Landscape:  Low Desert
Elevation: ~800 ft.
Public or Private: Public
Amenities: pit toilets and park tables
Cell Service: Spotty

Distance From Los Angeles – 191 mi
Distance From San Diego – 225 mi
Distance From Anaheim – 185 mi
Distance From Riverside – 140 mi
Distance From Palm Desert – 113 mi

Located near the historic Route 66 town of Amboy, this location has almost no light pollution. The distant glows from 29 Palms and even Las Vegas are still apparent, but they do not affect your dark sky. On good clear nights, the Summer Milky Way can cast faint shadows on white surfaces!

The parking lot is flat and level, with plenty of room to set up. Usually, I have had nights where I have the entire night to myself, but I have had exceptions where plenty of people are there to backpack or simply park their RV’s.


While there is almost no light pollution, the outdoor street lights from the town (1.5 miles NE) and passing trains can sometimes shine a glare and affect your dark adaptation – just don’t stare in that direction, though if you don’t mind hauling your gear a little, you can easily find a “suite spot” near the bathrooms that can shield you from the town’s glare.

While the place can get hot during the summer, it can also get pretty windy, and I only go up here if I know there won’t be too much of it.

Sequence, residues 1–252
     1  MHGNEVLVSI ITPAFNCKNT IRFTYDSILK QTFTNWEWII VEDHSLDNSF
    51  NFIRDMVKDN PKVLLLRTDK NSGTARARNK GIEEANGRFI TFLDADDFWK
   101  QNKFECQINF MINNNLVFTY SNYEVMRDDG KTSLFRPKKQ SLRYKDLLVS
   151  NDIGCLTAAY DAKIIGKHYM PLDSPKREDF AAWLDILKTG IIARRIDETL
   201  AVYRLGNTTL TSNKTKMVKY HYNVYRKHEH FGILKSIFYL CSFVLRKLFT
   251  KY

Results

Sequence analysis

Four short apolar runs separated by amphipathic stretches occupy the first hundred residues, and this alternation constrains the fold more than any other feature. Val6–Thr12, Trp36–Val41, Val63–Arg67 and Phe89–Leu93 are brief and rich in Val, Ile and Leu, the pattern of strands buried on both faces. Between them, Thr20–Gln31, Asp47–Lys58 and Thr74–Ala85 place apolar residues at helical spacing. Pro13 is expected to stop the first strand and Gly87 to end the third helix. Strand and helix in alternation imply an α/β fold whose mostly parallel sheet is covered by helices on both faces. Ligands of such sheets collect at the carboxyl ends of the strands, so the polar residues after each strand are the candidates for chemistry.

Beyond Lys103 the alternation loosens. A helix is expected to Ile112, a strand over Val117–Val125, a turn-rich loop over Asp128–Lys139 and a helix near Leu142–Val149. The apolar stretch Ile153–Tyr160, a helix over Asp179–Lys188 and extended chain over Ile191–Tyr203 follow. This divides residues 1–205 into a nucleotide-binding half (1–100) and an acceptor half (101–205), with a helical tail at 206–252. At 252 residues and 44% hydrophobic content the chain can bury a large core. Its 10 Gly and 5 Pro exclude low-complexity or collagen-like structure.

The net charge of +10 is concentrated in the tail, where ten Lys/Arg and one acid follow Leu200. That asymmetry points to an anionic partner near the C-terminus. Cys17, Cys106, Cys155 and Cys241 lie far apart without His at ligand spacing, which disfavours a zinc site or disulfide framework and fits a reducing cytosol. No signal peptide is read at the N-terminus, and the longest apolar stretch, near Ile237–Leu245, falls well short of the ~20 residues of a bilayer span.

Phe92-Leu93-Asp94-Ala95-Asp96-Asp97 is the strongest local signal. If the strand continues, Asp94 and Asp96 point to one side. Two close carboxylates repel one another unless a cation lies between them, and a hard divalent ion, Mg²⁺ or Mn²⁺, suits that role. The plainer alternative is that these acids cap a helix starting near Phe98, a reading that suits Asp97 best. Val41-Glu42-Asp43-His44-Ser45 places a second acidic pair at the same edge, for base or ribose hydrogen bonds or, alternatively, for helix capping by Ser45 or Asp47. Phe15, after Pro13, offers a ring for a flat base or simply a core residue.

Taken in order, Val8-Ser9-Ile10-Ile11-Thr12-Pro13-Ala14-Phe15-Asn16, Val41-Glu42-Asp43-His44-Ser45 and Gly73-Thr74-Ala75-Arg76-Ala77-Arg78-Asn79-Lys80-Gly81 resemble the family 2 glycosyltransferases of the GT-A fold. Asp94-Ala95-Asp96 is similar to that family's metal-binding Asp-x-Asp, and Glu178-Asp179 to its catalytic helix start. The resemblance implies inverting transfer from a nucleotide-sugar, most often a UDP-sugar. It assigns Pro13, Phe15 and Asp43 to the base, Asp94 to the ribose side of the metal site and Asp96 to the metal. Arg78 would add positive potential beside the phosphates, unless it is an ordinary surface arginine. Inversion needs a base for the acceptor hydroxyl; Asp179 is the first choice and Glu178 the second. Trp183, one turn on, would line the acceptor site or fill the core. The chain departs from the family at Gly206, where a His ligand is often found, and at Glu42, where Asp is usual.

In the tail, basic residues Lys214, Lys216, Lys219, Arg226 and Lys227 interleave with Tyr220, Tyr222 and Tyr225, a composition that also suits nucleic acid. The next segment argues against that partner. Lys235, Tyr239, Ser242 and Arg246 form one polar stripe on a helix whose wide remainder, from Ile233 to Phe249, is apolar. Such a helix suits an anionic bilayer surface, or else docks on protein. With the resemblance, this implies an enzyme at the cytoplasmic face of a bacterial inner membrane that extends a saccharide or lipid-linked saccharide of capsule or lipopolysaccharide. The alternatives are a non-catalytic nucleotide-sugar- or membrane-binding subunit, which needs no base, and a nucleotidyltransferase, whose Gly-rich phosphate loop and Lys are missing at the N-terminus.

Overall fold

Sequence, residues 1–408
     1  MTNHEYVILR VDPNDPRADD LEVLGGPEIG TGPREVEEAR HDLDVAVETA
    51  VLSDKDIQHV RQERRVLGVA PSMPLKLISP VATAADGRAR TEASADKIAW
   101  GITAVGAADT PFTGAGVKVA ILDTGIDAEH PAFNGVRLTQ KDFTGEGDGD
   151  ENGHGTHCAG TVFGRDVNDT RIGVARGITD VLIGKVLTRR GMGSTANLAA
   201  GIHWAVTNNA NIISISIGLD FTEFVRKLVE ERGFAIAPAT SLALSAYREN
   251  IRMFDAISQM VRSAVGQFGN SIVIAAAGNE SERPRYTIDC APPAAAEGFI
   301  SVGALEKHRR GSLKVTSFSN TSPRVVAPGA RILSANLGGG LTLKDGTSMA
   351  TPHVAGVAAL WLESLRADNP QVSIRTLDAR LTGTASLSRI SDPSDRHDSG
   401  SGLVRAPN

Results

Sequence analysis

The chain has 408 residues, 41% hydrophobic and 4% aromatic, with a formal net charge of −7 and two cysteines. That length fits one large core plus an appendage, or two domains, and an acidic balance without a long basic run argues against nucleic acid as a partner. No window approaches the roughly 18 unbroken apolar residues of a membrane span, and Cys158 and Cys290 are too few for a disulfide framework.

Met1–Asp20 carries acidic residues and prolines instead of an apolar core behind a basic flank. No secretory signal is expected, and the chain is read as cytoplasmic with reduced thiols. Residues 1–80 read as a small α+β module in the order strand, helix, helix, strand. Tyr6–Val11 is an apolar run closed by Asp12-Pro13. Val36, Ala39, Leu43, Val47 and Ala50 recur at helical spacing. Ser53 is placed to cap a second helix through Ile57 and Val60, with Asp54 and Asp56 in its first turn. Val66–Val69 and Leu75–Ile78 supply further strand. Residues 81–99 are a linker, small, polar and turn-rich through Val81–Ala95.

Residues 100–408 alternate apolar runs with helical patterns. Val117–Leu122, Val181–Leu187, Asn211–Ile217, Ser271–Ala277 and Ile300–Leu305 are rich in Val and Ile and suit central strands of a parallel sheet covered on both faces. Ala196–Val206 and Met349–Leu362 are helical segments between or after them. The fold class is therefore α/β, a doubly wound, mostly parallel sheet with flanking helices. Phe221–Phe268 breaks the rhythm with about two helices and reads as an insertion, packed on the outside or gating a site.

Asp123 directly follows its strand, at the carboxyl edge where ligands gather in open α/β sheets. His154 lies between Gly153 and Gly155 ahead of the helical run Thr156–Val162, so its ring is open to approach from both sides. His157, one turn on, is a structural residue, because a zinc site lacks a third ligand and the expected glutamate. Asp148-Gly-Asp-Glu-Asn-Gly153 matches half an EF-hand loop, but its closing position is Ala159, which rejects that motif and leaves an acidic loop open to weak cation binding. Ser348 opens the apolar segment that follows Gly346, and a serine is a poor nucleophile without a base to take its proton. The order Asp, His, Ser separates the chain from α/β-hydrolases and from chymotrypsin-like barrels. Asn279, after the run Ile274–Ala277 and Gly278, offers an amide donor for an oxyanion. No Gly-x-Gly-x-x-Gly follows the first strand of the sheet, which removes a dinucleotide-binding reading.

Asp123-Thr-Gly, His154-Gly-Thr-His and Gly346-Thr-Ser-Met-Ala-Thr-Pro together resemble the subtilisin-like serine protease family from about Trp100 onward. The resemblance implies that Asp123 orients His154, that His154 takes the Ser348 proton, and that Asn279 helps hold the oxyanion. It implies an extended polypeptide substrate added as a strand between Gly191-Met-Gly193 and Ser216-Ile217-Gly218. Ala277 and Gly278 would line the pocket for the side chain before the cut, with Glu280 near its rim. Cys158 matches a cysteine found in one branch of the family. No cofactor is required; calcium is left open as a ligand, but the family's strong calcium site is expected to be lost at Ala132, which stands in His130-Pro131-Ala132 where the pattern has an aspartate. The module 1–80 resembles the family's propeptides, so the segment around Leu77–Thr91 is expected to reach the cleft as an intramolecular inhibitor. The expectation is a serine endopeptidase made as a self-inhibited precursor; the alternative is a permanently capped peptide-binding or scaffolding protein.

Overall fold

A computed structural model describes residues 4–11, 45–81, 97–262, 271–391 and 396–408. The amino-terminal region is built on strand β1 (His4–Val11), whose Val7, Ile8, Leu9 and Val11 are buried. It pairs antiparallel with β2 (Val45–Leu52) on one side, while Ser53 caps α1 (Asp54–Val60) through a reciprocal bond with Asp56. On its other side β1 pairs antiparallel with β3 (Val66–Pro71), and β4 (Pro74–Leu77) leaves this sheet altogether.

Rice – Midland Rd, Rice, CA
San Bernardino County
3-27-20 mw1
Jupiter, Mars, and Saturn rising over Rice – March 27, 2020 around 4:30 am. While the lights from Parker show up in the exposure, you can also see airglow (green and reddish glows), which is natural light from our atmosphere! 

Bortle Scale: 1.5 – 2
Landscape:  Low Desert
Elevation: ~800 ft.
Public or Private: Public
Amenities: none
Cell Service: Spotty

Distance From Los Angeles – 232 mi
Distance From San Diego – 244 mi
Distance From Anaheim – 208 mi
Distance From Riverside – 171 mi
Distance From Palm Desert – 110 mi

Located along CA-62 about 36 miles west of Parker, AZ/ 70 miles east of 29 Palms, aside from a few remaining foundations, there is NOTHING out here! In terms of light pollution, the glows from Parker/Blythe and 29 Palms are there but they’re barely noticeable.

4-21-20 mw
Summer Milky Way over Rice – 4/21/2020. You can see a Lyrid Meteor captured at the bottom! 

The sky above is magnificent, and through an 8″ telescope you can glimpse the spiral arms of M51, M42 shows a lot of nebula structure, M13 looks just like its pictures with your own two eyes!

Only come here prepared if you are feeling adventurous, as there are no amenities and you’re a ways from any services. There are plenty of spots around the ruins with flat surfaces to set up, but the only downside is you will deal with glares from passing cars and trucks.

While you can take Midland Rd  (the dirt road that runs south) and get away from the highway, the conditions of that road always vary, and you don’t want your vehicle to get stuck in sand! Just try to stay on the solid portions as much as possible. If you set up ON the dirt road, just always be courteous and leave a lane open in the event of a passing car, which may never happen but I have encountered one myself.